Risk Factors of Sagittal Decompensation After Long Posterior Instrumentation and Fusion for Degenerative Lumbar Scoliosis


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Abstract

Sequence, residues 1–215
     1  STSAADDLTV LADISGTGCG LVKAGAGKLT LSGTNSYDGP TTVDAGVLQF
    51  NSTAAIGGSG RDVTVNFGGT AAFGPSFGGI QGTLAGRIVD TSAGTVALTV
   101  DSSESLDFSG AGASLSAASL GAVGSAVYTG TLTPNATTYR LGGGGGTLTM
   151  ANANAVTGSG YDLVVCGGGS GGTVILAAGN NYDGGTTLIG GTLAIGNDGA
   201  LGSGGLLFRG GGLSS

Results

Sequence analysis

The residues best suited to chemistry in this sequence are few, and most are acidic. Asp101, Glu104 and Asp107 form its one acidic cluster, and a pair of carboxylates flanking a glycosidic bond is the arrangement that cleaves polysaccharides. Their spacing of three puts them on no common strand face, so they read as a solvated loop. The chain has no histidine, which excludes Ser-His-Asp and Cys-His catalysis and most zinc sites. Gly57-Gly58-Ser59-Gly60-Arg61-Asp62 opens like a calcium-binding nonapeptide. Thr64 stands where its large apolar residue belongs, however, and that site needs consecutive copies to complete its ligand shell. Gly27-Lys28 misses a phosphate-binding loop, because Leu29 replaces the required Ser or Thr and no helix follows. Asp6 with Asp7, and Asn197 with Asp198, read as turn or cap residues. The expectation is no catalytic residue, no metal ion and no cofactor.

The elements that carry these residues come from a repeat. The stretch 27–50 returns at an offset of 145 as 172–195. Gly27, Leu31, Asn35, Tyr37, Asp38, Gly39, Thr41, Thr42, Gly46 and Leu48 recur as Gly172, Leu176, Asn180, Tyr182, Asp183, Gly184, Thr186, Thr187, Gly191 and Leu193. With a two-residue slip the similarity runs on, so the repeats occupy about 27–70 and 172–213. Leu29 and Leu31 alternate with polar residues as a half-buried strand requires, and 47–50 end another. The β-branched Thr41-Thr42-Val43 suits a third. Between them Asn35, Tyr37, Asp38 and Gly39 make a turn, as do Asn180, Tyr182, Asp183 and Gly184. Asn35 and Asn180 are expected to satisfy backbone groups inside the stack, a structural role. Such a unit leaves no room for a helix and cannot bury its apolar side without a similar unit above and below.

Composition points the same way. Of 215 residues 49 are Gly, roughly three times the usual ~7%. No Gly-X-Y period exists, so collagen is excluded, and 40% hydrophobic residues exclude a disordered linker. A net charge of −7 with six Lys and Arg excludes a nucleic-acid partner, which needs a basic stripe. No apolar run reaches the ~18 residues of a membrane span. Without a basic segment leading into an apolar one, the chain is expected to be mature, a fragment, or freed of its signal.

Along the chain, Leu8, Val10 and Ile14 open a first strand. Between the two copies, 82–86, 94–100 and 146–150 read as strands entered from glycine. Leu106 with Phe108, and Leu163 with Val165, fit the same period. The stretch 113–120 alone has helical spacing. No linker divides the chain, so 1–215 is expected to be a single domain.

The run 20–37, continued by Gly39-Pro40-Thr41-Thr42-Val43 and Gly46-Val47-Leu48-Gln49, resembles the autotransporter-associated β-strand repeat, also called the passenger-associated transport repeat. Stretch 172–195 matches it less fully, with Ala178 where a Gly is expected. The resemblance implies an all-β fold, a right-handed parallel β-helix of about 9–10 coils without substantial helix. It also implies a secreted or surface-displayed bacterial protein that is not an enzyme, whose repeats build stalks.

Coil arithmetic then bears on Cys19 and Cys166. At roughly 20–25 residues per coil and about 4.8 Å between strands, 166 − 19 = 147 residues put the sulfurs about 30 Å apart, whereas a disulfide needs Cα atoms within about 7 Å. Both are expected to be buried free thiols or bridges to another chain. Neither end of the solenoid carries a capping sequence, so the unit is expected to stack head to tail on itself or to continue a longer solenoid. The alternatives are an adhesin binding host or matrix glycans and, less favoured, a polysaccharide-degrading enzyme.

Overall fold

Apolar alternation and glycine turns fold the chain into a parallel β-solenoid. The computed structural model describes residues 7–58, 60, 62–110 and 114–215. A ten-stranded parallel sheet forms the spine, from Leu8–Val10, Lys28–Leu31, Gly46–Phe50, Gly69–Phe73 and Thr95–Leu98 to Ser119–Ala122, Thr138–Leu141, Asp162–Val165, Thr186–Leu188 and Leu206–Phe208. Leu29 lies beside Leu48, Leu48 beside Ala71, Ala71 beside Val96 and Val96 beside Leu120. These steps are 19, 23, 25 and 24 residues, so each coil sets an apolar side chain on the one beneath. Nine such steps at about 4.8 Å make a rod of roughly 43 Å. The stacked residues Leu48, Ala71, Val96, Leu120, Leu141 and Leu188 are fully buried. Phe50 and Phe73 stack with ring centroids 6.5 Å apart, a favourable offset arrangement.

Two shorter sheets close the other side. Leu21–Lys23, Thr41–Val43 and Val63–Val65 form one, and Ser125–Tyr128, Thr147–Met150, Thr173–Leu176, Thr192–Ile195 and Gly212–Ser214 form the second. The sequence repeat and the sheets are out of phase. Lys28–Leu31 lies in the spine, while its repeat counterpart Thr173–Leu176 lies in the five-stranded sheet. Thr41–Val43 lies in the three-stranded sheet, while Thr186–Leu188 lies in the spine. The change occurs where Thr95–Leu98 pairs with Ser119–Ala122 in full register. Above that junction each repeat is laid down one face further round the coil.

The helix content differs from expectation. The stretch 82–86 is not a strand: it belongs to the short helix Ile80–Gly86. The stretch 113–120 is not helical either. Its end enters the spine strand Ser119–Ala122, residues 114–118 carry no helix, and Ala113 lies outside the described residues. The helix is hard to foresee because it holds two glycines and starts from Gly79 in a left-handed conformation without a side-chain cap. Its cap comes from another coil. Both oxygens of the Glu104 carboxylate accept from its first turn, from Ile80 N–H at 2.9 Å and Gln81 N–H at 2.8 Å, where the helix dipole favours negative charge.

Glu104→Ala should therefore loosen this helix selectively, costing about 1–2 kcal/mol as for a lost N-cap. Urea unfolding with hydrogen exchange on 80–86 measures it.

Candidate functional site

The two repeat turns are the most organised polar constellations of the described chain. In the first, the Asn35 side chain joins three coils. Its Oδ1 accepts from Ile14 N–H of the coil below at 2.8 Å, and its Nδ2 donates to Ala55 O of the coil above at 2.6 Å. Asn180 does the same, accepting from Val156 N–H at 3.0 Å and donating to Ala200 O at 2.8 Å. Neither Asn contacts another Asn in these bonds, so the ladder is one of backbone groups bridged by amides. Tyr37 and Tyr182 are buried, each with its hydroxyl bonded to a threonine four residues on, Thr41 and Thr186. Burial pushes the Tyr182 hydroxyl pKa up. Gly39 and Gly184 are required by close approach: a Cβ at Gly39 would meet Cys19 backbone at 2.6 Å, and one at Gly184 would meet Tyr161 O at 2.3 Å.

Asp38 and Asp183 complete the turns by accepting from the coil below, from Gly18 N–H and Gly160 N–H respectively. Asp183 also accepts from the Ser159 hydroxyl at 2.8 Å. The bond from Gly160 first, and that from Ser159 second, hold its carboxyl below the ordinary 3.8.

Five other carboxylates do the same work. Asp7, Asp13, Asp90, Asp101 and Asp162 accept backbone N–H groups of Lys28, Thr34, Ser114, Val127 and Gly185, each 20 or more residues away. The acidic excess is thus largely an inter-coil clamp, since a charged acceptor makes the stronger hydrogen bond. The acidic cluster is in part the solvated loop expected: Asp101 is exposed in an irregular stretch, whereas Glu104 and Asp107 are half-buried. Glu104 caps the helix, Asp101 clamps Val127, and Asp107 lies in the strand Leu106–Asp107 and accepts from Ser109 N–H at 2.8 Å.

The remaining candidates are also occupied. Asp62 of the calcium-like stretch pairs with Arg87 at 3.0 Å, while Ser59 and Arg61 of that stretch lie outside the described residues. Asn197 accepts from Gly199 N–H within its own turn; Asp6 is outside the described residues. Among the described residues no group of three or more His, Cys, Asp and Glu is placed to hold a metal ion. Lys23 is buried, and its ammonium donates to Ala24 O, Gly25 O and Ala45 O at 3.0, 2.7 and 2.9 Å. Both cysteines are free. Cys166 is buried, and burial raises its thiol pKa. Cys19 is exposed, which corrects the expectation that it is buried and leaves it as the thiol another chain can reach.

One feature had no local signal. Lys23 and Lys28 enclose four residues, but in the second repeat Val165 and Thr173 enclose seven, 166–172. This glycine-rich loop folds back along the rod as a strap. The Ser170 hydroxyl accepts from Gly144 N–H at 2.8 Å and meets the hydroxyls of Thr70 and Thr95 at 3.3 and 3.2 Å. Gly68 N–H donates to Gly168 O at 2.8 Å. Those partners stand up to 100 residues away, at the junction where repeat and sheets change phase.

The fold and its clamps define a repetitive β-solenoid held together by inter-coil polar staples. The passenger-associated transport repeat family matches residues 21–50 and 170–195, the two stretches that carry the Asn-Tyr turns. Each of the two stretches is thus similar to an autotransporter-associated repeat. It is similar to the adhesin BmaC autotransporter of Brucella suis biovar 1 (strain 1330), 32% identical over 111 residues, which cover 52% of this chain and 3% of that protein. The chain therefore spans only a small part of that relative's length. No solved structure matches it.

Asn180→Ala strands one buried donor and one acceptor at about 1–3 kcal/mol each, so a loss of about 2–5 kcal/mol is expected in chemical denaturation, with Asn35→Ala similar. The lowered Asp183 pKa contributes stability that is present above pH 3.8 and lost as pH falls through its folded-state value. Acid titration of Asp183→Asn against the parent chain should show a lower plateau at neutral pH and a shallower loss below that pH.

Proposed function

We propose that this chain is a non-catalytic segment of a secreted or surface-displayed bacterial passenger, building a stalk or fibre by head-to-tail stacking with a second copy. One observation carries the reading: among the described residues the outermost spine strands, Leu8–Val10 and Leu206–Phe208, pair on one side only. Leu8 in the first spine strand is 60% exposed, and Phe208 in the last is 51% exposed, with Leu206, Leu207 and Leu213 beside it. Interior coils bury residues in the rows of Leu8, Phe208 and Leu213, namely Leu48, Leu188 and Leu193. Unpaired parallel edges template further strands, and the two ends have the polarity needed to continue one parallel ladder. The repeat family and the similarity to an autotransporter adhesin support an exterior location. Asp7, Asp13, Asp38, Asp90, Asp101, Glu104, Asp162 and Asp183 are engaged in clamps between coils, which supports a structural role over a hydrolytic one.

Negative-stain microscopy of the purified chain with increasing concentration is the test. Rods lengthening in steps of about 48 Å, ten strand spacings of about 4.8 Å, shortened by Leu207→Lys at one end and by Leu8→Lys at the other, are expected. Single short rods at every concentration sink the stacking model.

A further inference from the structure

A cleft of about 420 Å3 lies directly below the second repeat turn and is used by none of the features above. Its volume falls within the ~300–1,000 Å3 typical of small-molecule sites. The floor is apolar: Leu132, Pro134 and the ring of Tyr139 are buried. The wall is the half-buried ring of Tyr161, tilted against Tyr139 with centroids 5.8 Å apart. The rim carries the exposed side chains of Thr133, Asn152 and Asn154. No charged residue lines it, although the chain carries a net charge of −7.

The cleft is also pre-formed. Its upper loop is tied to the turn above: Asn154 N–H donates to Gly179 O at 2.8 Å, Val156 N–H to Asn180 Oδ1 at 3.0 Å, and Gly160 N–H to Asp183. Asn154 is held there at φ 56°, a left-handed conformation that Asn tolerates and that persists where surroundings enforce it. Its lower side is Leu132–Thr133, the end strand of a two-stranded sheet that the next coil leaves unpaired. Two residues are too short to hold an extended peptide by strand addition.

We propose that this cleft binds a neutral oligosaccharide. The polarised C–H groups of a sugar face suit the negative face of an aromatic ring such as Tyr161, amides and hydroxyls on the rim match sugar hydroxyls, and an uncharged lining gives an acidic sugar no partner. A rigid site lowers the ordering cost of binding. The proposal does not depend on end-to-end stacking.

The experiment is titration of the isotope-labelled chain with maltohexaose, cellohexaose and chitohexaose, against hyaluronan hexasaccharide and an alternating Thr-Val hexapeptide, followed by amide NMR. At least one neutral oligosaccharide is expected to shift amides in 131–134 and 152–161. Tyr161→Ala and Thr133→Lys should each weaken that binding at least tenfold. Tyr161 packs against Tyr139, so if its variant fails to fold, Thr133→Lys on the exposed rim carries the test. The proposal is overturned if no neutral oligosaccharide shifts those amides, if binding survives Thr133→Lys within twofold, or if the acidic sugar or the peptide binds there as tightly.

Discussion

Study Design.A retrospective study of clinical results of operative treatment for degenerative lumbar scoliosis.Objective.To determine the risk factors of sagittal decompensation after long instrumentation and fusion to L5 or S1.Summary of Background Data.Little is known about the risk factors for sagittal decompensation, which was defined in this study as sagittal C7 plumb falling anterior >8 cm from the posterosuperior corner of the sacrum.Methods.Forty-five patients (mean age: 64.4 year) with adult degenerative lumbar scoliosis were reviewed retrospectively with a minimum 2 years. The mean number of levels fused was 6.1 ± 1.6 segments. The upper instrumented vertebra ranged from T9 to L2. The lower instrumented vertebra was L5 and S1 in 24 and 21 patients, respectively.Results.Sagittal decompensation (SD) developed in 19 patients. The most significant risk factors of SD were preoperative sagittal imbalance and high pelvic incidence. The preoperative sagittal C7 plumb was more positive (67.9 mm) in the decompensation group than in the balance group (37.0 mm) (P = 0.002). There was a significant difference in pelvic incidence between 61.7° in the decompensation and 54.9° in the balance group (P = 0.01). The preoperative lumbar lordosis was hypolordotic in the decompensation group, however, it was not found to be a risk factor. Pseudarthrosis was identified at the lumbosacral junction in 5 patients, and 4 of them (80%) had SD. SD developed in 55% of patients who had loosening of the distal screws and 50% of patients with hypolordotic lumbar fusion. Distal adjacent segment disease was more likely to cause SD than proximal adjacent segment disease.Conclusion.Sagittal decompensation is common after long posterior instrumentation and fusion for degenerative lumbar scoliosis. It is mostly associated with complications at the distal segments, including pseudarthrosis and implant failure at the lumbosacral junction. Restoration of optimal lumbar lordosis and secure lumbosacral fixation is necessary especially in patients with preoperative sagittal imbalance and high pelvic incidence in order to prevent sagittal decompensation after surgery.

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